At the beginning of European settlement of Australia was mainly populated by means of the transportation system. That means most levels of society were filled with people who had begun their residence in Australia in chains.
Life was pretty terrible as a convict and often those who escaped lived out in the bush and took to robbery under arms (highway robbery) and stealing from homesteads. Often they were helped by sympathetic ex-convicts who supplied information or food.
Bushrangers like Captain Starlight, Ned Kelly, Bold Jack Donohoe, and, the star of todays post, Captain Melville, had something of a celebrity status, with their exploits dramatically recounted in the papers.
Captain Melville was touted as something of a gentleman, chivalrous to women and reportedly returning money to poor settlers on occasion.
This article from 1947, 90 years after his death, tells the story of the night he called on the startled McKinnon family for a night of musical entertainment. Reports like this no doubt helped cement the romanticized reputation of bushrangers that still carries through to today.
Francis McCallum, (1822-1857) arrived in Van Diemens Land in September 1838. By 1851 he had become a bushranger known as Captain Melville whose range covered a large part of western Victoria.
Wedderburn, where we are staying for the next few days, was a rich goldfield at that time, and attracted many people hoping to make their fortune. Captain Melville was no exception and had a hideout on nearby Mt. Kooyoora known as Captain Melville’s Caves.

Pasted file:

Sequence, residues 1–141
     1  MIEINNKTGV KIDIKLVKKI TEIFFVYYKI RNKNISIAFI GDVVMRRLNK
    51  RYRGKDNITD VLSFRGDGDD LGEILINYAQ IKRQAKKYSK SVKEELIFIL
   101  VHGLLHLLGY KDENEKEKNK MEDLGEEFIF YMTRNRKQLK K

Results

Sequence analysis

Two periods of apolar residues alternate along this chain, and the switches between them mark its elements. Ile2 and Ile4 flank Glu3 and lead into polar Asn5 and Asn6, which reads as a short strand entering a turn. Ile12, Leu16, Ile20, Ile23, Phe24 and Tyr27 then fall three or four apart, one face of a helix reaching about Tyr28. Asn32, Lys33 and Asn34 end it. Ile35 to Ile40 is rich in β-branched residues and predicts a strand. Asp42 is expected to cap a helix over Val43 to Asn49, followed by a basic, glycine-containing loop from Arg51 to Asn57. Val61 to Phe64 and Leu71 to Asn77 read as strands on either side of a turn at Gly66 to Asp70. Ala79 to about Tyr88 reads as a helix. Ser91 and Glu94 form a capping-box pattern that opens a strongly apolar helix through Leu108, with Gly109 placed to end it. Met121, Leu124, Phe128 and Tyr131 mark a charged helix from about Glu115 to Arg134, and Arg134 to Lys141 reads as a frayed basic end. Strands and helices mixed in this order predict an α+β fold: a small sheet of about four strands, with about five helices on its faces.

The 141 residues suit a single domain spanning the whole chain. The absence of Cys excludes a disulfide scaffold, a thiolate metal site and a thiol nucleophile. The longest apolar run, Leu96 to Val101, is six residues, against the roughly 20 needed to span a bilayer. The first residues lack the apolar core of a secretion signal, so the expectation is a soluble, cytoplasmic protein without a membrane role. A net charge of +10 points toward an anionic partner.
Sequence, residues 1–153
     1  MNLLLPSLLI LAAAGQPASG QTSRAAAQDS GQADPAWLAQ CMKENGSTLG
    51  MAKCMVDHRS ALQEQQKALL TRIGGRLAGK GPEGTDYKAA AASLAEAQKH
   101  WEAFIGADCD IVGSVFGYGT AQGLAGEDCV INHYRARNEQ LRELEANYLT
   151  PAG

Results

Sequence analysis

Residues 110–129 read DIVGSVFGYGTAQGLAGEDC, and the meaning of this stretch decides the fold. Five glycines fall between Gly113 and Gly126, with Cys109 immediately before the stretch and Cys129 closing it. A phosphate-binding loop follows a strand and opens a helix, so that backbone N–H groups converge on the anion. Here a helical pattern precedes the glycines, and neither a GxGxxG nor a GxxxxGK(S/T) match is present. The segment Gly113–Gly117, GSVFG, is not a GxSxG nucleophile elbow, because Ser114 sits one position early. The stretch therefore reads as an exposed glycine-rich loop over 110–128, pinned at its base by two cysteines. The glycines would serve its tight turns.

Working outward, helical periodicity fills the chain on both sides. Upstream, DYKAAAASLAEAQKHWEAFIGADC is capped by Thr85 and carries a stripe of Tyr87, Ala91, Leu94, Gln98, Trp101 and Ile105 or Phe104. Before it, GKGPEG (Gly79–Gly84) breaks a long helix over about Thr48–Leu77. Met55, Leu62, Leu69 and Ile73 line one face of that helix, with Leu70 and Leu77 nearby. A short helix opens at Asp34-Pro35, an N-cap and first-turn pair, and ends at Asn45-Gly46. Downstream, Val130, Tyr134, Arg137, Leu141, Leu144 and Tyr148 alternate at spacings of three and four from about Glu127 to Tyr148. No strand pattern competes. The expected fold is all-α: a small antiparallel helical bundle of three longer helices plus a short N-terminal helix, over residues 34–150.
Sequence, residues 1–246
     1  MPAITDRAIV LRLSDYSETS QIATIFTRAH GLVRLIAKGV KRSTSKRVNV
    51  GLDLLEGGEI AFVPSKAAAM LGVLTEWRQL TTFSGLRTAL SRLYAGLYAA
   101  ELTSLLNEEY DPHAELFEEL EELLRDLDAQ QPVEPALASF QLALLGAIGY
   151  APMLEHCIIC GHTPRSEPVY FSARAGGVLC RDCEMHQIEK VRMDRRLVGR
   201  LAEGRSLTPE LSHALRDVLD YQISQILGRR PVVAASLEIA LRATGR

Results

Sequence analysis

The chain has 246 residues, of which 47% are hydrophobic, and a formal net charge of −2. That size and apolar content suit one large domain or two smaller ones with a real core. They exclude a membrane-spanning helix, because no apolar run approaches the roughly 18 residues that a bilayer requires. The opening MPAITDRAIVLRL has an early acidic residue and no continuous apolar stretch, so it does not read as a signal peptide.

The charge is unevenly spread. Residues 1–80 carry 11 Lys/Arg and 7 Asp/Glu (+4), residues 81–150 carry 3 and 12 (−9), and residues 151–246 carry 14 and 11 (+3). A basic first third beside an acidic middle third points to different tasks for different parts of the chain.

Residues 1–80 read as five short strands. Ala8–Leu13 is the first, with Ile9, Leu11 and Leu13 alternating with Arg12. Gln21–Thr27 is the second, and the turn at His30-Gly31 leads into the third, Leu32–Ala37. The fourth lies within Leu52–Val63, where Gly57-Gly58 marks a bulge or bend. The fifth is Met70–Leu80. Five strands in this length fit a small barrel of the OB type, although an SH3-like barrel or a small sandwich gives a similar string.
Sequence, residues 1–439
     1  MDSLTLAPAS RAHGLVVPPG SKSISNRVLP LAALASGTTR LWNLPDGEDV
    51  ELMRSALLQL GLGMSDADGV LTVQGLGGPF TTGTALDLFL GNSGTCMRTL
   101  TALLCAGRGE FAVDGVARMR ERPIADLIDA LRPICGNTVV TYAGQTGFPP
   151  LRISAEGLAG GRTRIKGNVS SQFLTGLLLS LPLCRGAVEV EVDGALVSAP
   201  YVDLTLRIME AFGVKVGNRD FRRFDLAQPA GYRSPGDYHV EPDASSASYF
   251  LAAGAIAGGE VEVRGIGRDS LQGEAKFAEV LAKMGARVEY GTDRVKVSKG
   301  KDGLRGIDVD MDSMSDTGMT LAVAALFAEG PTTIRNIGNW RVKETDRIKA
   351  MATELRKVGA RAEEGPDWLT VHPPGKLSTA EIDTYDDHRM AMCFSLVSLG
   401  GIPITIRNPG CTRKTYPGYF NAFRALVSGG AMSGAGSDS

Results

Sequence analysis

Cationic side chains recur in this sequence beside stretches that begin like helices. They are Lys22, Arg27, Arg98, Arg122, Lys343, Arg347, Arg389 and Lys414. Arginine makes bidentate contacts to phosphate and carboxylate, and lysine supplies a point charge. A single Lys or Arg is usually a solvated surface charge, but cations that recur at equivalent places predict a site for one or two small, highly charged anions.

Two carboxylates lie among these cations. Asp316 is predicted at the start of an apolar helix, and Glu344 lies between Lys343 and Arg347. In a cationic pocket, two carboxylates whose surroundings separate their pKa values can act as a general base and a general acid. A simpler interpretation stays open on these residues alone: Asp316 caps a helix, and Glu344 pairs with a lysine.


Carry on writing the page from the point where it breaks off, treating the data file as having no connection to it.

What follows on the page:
The ‘caves’ are not really caves as such, the mountain is populated by huge granite boulders, the ones the we see have been weathered out over the years. Captain Melville’s Lookout and his namesake caves are the ones most exposed. The wide view from the Lookout is spectacular, and I could imagine someone sitting up there watching for gold escorts.
We climbed down the path to the caves, the upper is supposedly where he kept his horse, sleeping in the lower. He must have had a thin or extremely agile horse if it could get through the tumbled boulders to the upper cave without getting stuck though!
The upper and lower caves are really just one space with a big step up in the middle. There have been sturdy steps built for us to walk between the two although one of the lowest steps had been smashed by a rock falling from above. Not the best thing for number 1’s confidence. He had taken one step inside, looked up at the tonnes of perilously balanced boulders over our heads and said a bad word.
We walked through and I wondered how much time Captain Melville had actually spent in here. It was cold and damp and dark. A settlers hut down the hill would have been far more pleasant. This photo makes them look far more airy, bright and inviting that they really were.
Off to the right was a track that headed down, winding steeply through the boulders and making the kids very happy with another excuse to climb and jump around. We followed it for a while until the Man and I realized that by the time we made it to the bottom the car would still be at the top. We turned and climbed back up, kids moaning all the way.
Our trip in to the caves had been an amusing one, we had arrived by default. We were aiming to go there but had taken a back road and done a bit of exploring first. As usual we had stopped for lizards and kangaroos and interesting sights on the way, bemoaning the lack of signage and not finding any bitumen until we actually parked. Then we realized we had come in what was effectively the back door and that it was well signposted from the other side of the hill….
Oh well, going the back way meant the photo opportunity below; a farmer moving his sheep between paddocks. Sheep walk very slowly unless being chased, and he had two dogs to do all the hard legwork for him, but he still drove his car.